Rhodri Marsden: Cyberclinic
I'm addicted to downloading stuff via BitTorrent. Will I be prosecuted?
Monday 01 May 2006
I've become addicted to BitTorrent, and use it regularly for downloading movies, TV shows, comics, music and software. Am I likely to be prosecuted?
This anonymous question provoked a number of comments from BitTorrent users wishing to remain similarly anonymous; they, at least, are aware of its dubious legality. BitTorrent, for those with squeaky-clean internet habits, is an internet protocol that's particularly suited to sharing hefty files such as videos and albums. "I keep telling myself that there are millions of others doing it," writes one reader, "but I don't imagine that nothing is being done about it." He's right on both counts.
"Although downloading copyrighted material is a breach of the law," explains Simon Baggs at media law specialists Wiggin & Co, "uploading is a bigger issue for copyright owners, because it makes that file available to thousands of people." And those who use BitTorrent are exposed to legal challenges, as they're all responsible for the distribution process. Once you've searched on a BitTorrent website for, say, a film, downloaded the small "torrent" file and launched it, you're immediately connected to everyone who is downloading the same thing. Your collective uploading and downloading power is then harnessed for its distribution. "And what makes BitTorrent so fast," writes another reader, "is that you can't choose not to share [or upload] that file." The majority of users download copyrighted material with the mere defence of safety in numbers - or maintain that downloading US TV shows that haven't been broadcast here yet isn't illegal. (It is.)
There are two consequences of copyright infringement: one is civil - you can be sued - and then there's criminal liability for breaking copyright law. How would you be tracked down? Most BitTorrent software displays the IP addresses of fellow file-sharers, and some copyright owners have started to monitor these by themselves becoming BitTorrent users. And as another reader comments: "Once they have IP addresses, it's easy to obtain a court order revealing names and addresses." Simon Baggs says: "Each time you do it - just as with shoplifting - you're taking a calculated risk. The chances of your getting caught are not high, but it could be you."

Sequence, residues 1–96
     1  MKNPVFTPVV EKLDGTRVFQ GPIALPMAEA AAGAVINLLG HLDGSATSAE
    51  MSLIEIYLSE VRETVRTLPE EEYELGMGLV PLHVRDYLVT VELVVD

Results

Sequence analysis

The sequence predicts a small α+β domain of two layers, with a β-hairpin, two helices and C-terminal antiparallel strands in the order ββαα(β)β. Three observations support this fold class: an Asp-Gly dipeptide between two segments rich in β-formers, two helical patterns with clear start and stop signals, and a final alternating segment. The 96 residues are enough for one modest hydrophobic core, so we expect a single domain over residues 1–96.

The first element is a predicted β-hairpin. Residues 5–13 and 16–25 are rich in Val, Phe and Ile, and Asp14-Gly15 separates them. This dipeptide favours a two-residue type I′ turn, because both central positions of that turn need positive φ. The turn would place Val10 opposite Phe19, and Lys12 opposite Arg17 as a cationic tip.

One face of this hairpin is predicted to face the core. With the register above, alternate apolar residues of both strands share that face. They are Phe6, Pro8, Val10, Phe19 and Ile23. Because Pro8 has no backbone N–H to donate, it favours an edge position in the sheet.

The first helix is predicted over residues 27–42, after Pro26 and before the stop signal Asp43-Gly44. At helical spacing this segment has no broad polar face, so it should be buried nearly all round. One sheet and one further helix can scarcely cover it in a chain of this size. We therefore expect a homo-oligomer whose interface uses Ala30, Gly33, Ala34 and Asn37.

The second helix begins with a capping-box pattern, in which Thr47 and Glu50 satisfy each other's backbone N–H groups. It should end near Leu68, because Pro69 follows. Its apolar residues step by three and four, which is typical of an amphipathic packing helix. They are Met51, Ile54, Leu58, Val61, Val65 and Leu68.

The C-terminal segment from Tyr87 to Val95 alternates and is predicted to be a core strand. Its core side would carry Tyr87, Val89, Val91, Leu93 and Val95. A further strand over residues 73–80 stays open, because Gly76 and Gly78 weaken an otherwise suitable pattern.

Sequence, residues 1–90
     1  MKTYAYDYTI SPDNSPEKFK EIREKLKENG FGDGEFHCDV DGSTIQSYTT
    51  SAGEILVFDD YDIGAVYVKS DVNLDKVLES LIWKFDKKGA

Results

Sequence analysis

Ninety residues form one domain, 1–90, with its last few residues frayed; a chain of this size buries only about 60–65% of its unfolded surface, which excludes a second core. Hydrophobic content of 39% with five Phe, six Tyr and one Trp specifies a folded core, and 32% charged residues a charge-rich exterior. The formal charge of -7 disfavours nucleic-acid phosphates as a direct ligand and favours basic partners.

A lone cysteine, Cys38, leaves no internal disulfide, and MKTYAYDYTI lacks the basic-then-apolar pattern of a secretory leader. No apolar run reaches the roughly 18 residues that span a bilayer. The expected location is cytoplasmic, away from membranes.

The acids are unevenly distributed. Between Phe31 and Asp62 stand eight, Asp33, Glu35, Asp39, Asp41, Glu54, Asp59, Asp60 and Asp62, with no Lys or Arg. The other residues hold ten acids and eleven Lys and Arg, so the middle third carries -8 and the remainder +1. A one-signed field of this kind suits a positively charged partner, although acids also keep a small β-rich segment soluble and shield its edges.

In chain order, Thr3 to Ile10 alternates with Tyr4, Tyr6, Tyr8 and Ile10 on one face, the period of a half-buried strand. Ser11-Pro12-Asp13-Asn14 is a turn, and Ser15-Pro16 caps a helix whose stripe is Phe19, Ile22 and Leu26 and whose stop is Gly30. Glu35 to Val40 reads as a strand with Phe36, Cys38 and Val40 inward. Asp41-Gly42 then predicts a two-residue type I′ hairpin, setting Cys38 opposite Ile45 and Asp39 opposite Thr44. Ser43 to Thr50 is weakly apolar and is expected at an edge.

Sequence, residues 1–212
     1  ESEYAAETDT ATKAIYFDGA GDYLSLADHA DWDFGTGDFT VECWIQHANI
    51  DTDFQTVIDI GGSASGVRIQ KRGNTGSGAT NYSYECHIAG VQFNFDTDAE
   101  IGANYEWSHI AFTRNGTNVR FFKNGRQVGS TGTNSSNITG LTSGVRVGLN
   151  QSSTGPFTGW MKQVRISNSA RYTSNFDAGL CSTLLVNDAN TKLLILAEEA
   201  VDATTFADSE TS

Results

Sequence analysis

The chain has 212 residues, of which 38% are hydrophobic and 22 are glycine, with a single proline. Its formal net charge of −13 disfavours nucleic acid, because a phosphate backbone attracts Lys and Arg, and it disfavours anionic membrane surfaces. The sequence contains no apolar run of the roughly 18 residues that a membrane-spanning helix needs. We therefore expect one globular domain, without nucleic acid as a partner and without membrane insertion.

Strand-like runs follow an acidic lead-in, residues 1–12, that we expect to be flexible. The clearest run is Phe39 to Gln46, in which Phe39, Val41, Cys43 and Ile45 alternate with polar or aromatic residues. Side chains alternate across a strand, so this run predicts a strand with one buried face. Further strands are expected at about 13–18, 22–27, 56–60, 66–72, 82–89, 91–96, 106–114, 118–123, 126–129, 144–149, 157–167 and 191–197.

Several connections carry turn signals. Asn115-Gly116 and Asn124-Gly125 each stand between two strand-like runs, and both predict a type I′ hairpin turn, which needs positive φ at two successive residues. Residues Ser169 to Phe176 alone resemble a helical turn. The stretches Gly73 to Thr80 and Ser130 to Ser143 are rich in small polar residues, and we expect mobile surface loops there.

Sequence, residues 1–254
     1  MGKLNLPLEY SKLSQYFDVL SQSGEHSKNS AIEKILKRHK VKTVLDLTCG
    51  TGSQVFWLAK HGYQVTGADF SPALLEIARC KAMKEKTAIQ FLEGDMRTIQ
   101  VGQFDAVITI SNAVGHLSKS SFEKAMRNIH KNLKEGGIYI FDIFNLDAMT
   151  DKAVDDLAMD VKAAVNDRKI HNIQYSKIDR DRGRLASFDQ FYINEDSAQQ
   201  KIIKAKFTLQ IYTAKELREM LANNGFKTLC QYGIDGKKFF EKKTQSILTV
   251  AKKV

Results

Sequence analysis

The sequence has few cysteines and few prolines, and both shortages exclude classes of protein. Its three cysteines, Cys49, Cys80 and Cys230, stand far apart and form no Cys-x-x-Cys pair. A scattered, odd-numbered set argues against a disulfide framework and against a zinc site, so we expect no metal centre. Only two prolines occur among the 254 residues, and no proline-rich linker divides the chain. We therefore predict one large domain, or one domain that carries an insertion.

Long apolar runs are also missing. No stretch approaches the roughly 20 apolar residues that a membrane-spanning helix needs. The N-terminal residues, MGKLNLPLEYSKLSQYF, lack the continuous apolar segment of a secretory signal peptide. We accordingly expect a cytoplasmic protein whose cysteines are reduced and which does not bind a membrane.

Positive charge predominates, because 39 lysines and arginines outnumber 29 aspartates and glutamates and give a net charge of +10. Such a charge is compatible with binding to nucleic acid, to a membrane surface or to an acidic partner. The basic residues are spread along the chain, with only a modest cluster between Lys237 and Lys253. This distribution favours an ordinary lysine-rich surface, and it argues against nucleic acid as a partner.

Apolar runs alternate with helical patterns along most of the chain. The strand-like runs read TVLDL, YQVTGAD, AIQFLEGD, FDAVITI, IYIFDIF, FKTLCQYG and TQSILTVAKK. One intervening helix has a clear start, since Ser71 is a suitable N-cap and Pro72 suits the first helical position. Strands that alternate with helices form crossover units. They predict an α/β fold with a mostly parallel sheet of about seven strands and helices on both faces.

- 1 The difference between a migrant and refugee, in one sentence
- 2 Miley Cyrus calls out hypocrisy of women’s nipples being taboo
- 3 Celebrity Big Brother 2015: Tila Tequila kicked off show after 'describing Hitler as a good man'
- 4 iPhone 5c to be discontinued, no iPhone 6c to replace it
- 5 Blood Moon and Supermoon: September to bring brightest – and dimmest – full Moon of the year on same night
The difference between a migrant and refugee, in one sentence
Spain accused of 'provocation' after letting Russian submarine refuel off Gibraltar
Allonautilus scrobiculatus: World's 'rarest' creature spotted for only the third time ever
Miley Cyrus calls out hypocrisy of women’s nipples being taboo
Celebrity Big Brother 2015: Tila Tequila kicked off show after 'describing Hitler as a good man'
Climate change: 2015 will be the hottest year on record 'by a mile', experts say
Labour leadership: Jeremy Corbyn accused of 'deluding' young supporters with 'claptrap'
'Women only' train carriages: Jeremy Corbyn unveils radical move to tackle public harassment
Black holes are a passage to another universe, says Stephen Hawking
Iain Duncan Smith 'should resign over disability benefit death figures', says Jeremy Corbyn
Iain Duncan Smith calls for urgent ESA overhaul as part of drive to cut down welfare costs
£18000 - £30000 per annum: Recruitment Genius: A Sales Executive or Senior Sal...
£40000 - £55000 per annum: Recruitment Genius: This is an exciting opportunity...
£22000 per annum: Recruitment Genius: This industry leading company produces h...
£20000 - £40000 per annum: Recruitment Genius: This IT provider for the educat...